Heating and Cooling
October 11, 2015
Cooling Tips
October 13, 2015
Heating and Cooling
October 11, 2015
Cooling Tips
October 13, 2015

Solar Heating & Fireplaces

Young woman at home in chair using laptop

Solar Heating

Using the sun to heat your home through passive solar design can be both environmentally friendly and cost effective. In many cases, you can cut your heating costs by more than 50% compared to the cost of heating the same house that does not include passive solar design. Passive solar design techniques include placing larger, insulated windows on south facing walls and locating thermal mass, such as a concrete slab floor or a heat absorbing wall, close to the windows. However, a passive solar house requires careful design, best done by an architect for new construction or major remodeling.

Solar Tips

Keep all south facing glass clean.

Make sure that objects do not block the sunlight shining on concrete slab floors or heat-absorbing walls.

Consider using insulating curtains to reduce excessive heat loss from large windows at night.

Fireplaces

When you cozy up next to a crackling fire on a cold winter day, you probably don’t realize that your fireplace is one of the most inefficient heat sources you can possibly use. It literally sends your energy dollars right up the chimney along with volumes of warm air. A roaring fire can exhaust as much as 24,000 cubic feet of air per hour to the outside, which must be replaced by cold air coming into the house from the outside. Your heating system must warm up this air, which is then exhausted through your chimney. If you use your conventional fireplace while your central heating system is on, these tips can help reduce energy losses.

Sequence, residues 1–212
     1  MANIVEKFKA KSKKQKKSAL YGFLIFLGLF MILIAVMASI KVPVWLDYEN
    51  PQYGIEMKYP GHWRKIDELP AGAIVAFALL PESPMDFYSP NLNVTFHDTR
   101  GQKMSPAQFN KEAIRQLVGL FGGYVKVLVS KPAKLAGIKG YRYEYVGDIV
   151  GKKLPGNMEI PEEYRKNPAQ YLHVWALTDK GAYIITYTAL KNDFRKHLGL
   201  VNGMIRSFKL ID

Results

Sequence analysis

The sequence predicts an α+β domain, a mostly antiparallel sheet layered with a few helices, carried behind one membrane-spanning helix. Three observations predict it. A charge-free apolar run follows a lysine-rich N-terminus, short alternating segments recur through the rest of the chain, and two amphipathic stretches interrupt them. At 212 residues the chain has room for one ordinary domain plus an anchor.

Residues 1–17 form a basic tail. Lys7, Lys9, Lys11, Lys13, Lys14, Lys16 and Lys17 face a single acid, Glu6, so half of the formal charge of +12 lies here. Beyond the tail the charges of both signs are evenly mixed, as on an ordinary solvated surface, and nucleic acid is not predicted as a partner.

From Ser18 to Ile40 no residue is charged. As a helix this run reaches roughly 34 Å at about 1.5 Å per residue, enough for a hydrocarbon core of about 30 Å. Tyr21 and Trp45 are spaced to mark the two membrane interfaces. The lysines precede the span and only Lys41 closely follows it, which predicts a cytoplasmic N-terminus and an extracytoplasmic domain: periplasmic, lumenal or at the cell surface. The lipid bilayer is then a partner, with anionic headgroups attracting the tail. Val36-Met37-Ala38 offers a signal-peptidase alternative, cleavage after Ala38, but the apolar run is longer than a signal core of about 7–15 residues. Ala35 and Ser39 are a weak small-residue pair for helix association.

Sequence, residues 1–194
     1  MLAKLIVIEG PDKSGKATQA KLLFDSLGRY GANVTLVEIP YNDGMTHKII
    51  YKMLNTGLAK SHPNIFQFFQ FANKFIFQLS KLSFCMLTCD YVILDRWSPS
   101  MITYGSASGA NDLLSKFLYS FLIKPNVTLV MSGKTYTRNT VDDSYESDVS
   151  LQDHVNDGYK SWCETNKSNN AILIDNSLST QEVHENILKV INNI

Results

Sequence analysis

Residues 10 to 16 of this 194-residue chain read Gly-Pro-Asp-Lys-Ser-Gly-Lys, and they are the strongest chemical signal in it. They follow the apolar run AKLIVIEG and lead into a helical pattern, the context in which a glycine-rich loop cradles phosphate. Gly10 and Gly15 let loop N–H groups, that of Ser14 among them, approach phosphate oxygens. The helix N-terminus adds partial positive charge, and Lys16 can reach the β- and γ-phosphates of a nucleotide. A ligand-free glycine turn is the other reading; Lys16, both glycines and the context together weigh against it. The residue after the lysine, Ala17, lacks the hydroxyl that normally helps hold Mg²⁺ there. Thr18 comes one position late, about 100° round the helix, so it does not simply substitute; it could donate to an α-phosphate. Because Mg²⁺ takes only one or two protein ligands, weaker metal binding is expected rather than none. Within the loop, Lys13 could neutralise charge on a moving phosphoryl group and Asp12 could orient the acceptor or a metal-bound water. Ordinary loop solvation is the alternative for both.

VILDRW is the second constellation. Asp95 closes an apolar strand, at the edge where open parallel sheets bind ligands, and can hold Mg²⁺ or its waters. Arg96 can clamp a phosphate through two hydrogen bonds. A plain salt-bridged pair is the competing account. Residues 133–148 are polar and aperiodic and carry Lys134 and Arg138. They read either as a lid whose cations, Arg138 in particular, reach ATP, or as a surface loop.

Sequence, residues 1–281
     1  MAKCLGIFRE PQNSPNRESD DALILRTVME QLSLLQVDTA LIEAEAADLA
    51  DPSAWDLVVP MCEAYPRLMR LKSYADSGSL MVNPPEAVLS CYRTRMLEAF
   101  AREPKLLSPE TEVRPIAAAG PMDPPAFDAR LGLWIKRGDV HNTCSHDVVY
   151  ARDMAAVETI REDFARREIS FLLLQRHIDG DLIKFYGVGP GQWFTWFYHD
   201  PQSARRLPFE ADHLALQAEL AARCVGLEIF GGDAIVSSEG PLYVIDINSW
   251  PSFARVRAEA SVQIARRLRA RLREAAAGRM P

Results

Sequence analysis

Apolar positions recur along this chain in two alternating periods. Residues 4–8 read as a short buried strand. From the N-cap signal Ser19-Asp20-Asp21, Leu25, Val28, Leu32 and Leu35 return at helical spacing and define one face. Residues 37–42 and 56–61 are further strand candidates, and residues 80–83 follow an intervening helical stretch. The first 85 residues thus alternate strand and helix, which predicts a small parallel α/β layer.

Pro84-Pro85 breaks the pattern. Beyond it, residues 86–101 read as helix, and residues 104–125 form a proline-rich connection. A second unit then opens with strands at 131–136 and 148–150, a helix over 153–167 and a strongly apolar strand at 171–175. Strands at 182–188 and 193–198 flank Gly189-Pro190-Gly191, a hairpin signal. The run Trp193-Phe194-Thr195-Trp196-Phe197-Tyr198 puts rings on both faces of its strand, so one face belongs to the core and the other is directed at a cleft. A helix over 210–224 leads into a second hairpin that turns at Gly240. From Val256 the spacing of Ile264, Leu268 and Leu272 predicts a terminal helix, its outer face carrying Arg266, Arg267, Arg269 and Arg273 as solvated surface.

Fireplace Tips

If you never use your fireplace, plug and seal the chimney flue.

Keep your fireplace damper closed unless a fire is going. Keeping the damper open is like keeping a 48-inch window wide open during the winter; it allows warm air to go right up the chimney.

When you use the fireplace, reduce heat loss by opening dampers in the bottom of the firebox (if provided) or open the nearest window slightly, approximately 1 inch, and close doors leading into the room. Lower the thermostat setting to between 50 and 55F.

Install tempered glass doors and a heat air exchange system that blows warmed air back into the room.

Check the seal on the flue damper and make it as snug as possible.

Add caulking around the fireplace hearth.

Use grates made of C-shaped metal tubes to draw cool room air into the fireplace and circulate warm air back into the room.